There are three ways that the stem of the verb can change in future irregulars in Spanish:
- The stem will drop the letter –e in the infinitive ending.
- The stem will drop the letter –e/-i in the infinitive ending but will add a –d- instead.
- The stem will drop the infinitive -ce or –ec.
Let’s have a look at each one of them.
1. Forms That Drop the Letter –e in the Infinitive
You’ll only see -er group verbs in this category of future irregulars in Spanish and there are only 5 of them:
Because these verbs drop the letter –e of the infinitive form before it adds the future simple tense endings, you say sabré instead of saberé (incorrect).
Conjugation Example: Saber
|yo sabré||nosotros sabremos|
|tú sabrás||ustedes sabrán|
|él, ella, usted sabrá||ellos, ellas sabrán|
Este vestido no te cabrá.
This dress will not fit you.
Ella cambió de opinión y no habrá boda.
She changed her mind and there will be no wedding.
Podrás mudarte a América Latina cuando acabes tus estudios.
You will be able to move to Latin AMerica when you finish your studies.
¿No querrá venir a cenar con nosotros?
Won’t you come for dinner with us?
Mañana ya sabremos los resultados del examen.
Tomorrow, we will know the results of the exam.
2. Forms That Drop the –e/-i in the Infinitive and Add –d-
There are also 5 verbs In this category of future irregulars in Spanish, and they belong to both -er and -ir conjugations.
These verbs drop the –e/-i in the infinitive ending and add the letter –d- in its place before adding the future tense endings. Therefore, instead of poneré (incorrect), we say pondré.
Conjugation Example: Poner
|yo pondré||nosotros pondremos|
|tú pondrás||ustedes pondrán|
|él, ella, usted pondrá||ellos, ellas pondrán|
Pondré el libro en su lugar.
I’ll put the book in its place.
Mañana, tendrás que trabajar mucho.
Tomorrow, you’ll have to work a lot.
Saldremos a las 6 pm.
We will leave at 6 pm.
Valdrá la pena que vengas personalmente.
It would be good if you came personally.
Ustedes vendrán conmigo.
You will come with me.
3. Forms That Drop the Infinitive -ce or -ec
This will be your favorite category! There are only two verbs in here.
These two verbs (and others related to them, like predecir (predict), deshacer (undo), contradecir (contradict), etc.) drop the infinitive –ce or -ec and add the future tense ending. So, we don’t say deciré (incorrect) but diré.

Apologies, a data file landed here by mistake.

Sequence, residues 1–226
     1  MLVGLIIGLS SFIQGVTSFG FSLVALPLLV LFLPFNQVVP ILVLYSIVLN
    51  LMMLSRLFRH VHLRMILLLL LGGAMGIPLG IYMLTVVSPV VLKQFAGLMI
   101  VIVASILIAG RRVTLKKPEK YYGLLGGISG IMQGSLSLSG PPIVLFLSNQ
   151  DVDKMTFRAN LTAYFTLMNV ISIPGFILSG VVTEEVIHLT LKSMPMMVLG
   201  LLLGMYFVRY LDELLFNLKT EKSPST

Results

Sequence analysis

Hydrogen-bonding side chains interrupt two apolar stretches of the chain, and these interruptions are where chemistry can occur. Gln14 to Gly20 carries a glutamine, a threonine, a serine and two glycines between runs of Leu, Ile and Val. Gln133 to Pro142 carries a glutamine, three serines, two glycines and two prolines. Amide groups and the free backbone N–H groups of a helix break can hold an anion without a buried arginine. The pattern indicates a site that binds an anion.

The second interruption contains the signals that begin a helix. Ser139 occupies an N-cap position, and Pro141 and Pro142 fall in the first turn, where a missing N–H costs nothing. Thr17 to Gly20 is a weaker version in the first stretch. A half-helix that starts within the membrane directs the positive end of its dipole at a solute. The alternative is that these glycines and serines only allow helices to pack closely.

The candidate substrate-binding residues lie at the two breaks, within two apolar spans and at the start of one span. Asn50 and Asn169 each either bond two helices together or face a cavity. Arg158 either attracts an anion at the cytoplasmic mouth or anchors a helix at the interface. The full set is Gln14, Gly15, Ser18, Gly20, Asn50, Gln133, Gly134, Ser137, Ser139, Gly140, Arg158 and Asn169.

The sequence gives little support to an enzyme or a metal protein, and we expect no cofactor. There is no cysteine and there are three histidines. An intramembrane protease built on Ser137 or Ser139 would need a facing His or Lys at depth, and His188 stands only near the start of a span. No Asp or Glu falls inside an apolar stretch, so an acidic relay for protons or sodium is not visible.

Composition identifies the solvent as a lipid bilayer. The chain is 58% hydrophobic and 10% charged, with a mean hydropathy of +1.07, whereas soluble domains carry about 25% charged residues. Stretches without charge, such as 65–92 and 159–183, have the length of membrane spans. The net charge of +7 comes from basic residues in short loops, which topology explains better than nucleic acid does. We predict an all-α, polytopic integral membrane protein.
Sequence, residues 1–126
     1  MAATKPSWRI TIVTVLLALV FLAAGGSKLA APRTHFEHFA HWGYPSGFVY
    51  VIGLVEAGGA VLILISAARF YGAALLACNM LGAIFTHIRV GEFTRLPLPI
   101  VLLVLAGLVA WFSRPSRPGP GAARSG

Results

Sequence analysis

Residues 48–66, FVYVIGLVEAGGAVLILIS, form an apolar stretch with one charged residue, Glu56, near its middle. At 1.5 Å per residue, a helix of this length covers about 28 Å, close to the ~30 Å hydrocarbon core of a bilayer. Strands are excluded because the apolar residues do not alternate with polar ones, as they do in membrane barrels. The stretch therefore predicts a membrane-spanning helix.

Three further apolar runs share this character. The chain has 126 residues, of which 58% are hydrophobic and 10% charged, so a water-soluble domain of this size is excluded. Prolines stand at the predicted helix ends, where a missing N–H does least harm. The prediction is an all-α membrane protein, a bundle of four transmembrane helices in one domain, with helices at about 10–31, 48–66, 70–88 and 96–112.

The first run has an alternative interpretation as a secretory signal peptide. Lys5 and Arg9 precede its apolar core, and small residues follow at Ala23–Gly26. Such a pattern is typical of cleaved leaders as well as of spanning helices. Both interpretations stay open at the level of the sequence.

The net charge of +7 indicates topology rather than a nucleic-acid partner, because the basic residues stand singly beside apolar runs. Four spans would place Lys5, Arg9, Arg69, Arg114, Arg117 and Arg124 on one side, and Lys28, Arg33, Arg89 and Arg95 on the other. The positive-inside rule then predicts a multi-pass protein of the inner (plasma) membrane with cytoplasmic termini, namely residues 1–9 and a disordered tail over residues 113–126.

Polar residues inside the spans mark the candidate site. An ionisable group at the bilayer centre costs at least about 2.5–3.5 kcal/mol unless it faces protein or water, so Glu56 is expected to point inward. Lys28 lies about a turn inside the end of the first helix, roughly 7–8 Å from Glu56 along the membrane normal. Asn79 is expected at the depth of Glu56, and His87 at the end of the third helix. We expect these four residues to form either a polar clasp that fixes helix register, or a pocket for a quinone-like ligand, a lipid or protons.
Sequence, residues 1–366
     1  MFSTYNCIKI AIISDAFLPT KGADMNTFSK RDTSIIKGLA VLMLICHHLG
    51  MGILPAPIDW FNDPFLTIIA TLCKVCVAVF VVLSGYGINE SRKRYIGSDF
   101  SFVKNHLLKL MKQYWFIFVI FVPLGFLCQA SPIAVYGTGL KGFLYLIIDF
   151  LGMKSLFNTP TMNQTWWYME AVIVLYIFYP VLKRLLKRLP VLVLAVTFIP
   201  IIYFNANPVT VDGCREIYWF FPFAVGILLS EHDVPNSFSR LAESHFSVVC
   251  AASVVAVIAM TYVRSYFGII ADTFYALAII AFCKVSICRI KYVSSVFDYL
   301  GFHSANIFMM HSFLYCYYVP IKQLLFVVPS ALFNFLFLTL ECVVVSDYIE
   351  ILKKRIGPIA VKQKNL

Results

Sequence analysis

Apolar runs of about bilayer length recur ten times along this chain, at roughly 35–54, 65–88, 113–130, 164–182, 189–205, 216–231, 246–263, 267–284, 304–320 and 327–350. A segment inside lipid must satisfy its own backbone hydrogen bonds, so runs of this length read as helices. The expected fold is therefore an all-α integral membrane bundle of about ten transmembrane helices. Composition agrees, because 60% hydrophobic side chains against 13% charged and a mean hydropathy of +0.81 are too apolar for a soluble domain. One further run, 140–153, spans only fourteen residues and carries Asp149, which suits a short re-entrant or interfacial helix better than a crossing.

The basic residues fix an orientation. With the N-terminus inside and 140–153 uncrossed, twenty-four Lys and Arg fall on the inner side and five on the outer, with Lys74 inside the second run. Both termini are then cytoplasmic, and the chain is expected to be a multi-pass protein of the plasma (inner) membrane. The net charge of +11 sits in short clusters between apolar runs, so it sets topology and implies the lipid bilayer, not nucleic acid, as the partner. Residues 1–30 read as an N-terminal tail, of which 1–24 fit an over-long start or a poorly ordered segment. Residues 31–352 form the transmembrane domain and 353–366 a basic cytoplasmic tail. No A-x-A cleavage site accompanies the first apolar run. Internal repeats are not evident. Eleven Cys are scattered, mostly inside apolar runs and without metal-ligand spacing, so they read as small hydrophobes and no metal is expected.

Conjugation Example: Decir
|yo diré||nosotros diremos|
|tú dirás||ustedes dirán|
|él, ella, usted dirá||ellos, ellas dirán|
No me dirán cómo hacerlo, ¿verdad?
You won’t tell me how to do it, will you?
No te hará daño, te lo prometo.
He won’t hurt you, I promise.
There is an exception from this irregularity and the verbs maldecir (curse) and bendecir (bless) actually use regular forms.
Si pierdo, maldeciré mi mala suerte.
If I lose, I’ll curse my bad luck.
Mañana, el cura bendecirá la nueva escuela.
Tomorrow, the priest will bless the new school.
Spanish Grammar Exercises: Future Irregulars
Check how much you learned! Choose the correct form of future irregulars in Spanish in the following sentences.
Put the verbs in parenthesis in the correct future tense form.
- Nosotros no lo __________. (hacer)
- ¿__________ espacio para una persona más? (tener)
- __________ mucha gente en la boda. (haber)
- ¿__________ perdonarme algún día? (poder)
- Pronto __________ de aquí. (salir)
- ¿Cómo __________ yo en este asiento para niños? (caber)
- Usted __________ más sobre el tema después de terminar el curso. (saber)
- ¿Qué se po__________ndrán para la fiesta? (poner)
- Mañana te __________ la verdad. (decir)
- ¿Qué __________ para tu cumpleaños? (querer)
Click here for the answers and the translation of sentences.
Did you get all the answers correct? I’m sure you did and that now you’re an expert at future irregulars in Spanish. The only thing left to do is to practice them in conversation. Do you want to try it now? Sign up for a free class with one of our friendly native teachers from Guatemala and polish your future irregulars in Spanish with a native speaker.
Ready to learn more Spanish grammar? Check these out!
- Master the 18 Spanish Tenses (and Take Our Cheat Sheet With You)
- How to Write Dates in Spanish
- 100 Sentences With the Spanish Verb Ser
- An Epic Grammar Guide to ‘Lo’ in Spanish: ¡Sí, Lo Puedes Aprender!
- 10 Mistakes You’ll Hear Native Spanish Speakers Make in Spanish
- Ya Que vs Porque: What’s the Difference?
- Saber Conjugation: Free Spanish Lesson, Exercises, and PDF
- Preterite vs Imperfect: A Beginner’s Guide to the Past Tense in Spanish
English Translation of The Sentences With Answers
- We will not do it.
- Will they have room for one more person?
- There will be a lot of people at the wedding.
- Can you ever forgive me?
- We’ll be out soon.
- How will I fit in this child seat?
- Who will make the food?
- You will know about the subject after finishing the course.
- What will they wear to the party?
- Tomorrow, I will tell you the truth.
- It will be worth a try, the risk is very small.
- What do you want for your birthday?